The opening up of residential markets in Vietnam and potentially Myanmar, and the likely lifting of cooling measures in Singapore and Malaysia in the run-up to AEC are expected to lift markets across ASEAN.
By end of this year, the ASEAN property market will be a more vibrant space with the bulls seen returning in early-2016. Optimism is in the air as almost all markets in ASEAN with the notable exception of Singapore are expected to return to the boom years of 2010-2012. The lift-off date could be as soon as October this year.
The diverse ASEAN region has just the right conditions to ensure sustained demand for private property; a rapidly urbanising population of 625 million (as of 2013), of which a large share is a growing middle class with new-found propensity to consume, and national governments willing to spend on infrastructure and future growth. To add to that, labour costs in the region remain competitive and supportive of foreign direct investment. Not to be discounted as a mere fad is the influx of Chinese capital to real estate. All these factors combined with increasing regional integration have created what is today the fastest growing region in the world. In the years ahead, ASEAN can look forward to a more dynamic economic landscape.
Concerns over rate hikes by ASEAN central banks to take place in the first half of this year have turned out to be over-exaggerated. The big hike in US interest rates the market was sounding warnings about never materialised. Instead, what has now happened is a divergence in monetary policy with central banks across the region from Australia to Thailand cutting interest rates to give their economies a boost and make their currencies more competitive. This despite the US Federal Reserve looking at the first increase in interest rates since before the Global Financial Crisis for later this year. As a result, interest rates in ASEAN are expected to trend at near historical lows although they could eventually inch up a little going into 2016.
Property cooling measures instituted by Malaysia’s Bank Negara and the Monetary Authority of Singapore to calm red-hot real estate markets in recent years have now led to lower transaction rates in 2014 and 1Q 2015 and even brought down home prices in some regions. The effectiveness of the cooling measures in both countries have led many to believe that the respective central banks will soon lift restrictions. When this happens, prices will get an immediate boost.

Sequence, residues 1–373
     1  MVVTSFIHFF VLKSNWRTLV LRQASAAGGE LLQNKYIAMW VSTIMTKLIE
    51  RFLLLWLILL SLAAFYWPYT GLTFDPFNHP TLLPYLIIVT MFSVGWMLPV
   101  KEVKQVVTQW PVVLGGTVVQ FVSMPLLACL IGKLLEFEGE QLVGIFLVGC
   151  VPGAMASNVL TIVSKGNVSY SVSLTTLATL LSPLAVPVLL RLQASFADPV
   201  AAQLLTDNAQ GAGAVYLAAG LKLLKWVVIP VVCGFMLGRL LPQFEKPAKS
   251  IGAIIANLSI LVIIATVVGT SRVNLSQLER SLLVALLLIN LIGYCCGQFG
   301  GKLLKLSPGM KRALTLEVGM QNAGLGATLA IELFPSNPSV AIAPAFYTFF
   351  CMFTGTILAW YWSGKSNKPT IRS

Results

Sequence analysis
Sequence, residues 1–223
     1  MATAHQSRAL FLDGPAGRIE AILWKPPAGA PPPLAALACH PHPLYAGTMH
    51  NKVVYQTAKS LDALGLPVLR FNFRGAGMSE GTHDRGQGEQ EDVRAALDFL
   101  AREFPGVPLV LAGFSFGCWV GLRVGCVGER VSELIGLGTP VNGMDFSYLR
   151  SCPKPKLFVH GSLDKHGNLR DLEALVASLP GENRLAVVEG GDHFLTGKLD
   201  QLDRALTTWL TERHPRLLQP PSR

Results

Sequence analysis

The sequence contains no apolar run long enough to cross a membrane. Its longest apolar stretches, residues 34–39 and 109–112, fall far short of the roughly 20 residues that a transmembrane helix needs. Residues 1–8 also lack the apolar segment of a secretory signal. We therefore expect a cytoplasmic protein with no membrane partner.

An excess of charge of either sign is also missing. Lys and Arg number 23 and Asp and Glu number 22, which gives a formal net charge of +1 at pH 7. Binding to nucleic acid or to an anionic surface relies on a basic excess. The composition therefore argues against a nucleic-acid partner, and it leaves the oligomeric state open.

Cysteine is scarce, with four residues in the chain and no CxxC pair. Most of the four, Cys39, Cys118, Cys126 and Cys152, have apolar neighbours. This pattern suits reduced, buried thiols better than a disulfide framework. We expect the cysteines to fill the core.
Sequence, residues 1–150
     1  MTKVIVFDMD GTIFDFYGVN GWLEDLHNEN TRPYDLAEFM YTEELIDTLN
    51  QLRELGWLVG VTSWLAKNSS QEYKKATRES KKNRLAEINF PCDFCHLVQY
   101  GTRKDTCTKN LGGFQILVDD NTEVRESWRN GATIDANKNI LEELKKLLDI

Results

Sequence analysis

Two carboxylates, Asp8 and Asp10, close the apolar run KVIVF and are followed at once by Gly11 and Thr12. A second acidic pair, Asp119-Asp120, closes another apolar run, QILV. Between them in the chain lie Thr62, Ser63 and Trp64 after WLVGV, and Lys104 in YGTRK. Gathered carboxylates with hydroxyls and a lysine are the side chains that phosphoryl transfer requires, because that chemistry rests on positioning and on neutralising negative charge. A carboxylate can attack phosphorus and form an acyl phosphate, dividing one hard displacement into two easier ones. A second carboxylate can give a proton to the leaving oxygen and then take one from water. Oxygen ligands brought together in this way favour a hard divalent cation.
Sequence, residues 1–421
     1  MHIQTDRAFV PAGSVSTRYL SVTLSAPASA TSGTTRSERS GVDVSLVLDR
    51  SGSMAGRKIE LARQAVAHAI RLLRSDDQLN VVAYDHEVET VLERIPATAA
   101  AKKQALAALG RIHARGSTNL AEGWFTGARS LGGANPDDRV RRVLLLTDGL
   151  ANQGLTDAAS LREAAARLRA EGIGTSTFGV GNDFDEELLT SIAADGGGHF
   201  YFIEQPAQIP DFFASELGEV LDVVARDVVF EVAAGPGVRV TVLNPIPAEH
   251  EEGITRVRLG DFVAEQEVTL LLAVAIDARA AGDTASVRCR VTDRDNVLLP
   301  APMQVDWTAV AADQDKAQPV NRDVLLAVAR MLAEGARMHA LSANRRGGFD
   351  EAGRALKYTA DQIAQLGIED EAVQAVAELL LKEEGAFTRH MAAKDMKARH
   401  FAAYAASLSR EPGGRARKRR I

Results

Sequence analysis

Malaysia, in particular has suffered a sustained slowdown in its property market over the last two years due in part to difficulties in obtaining loans. A banker, who declined to be named, admitted that liquidity remains very high in banks but due to the cooling measures, lending has been severely restrained. Speculation is rife that the central bank will lift some of the property cooling measures towards the end of 2015 in response to weakening market sentiment, which is also partly due to the implementation of the Goods and Services Tax (GST) in April. As a result, expect to see more launches and higher take-up rates towards the second half of 2015.
In contrast, Singapore’s property market is expected to continue to soften over the next few months due to large incoming supply in the office market, as well as the dampening effects of the various cooling measures especially the Additional Buyer’s Stamp Duty (ABSD). Although there are reports that high end (above SGD5 million) residential properties are being snapped up by foreign buyers, the overall mood is cautious among the local populace. The strengthening of the SGD which follows the USD closely will see interest rates edge higher which will have a further dampening effect on the property market. There is talk that the central bank may lift some of the cooling measures in an attempt to boost market sentiment.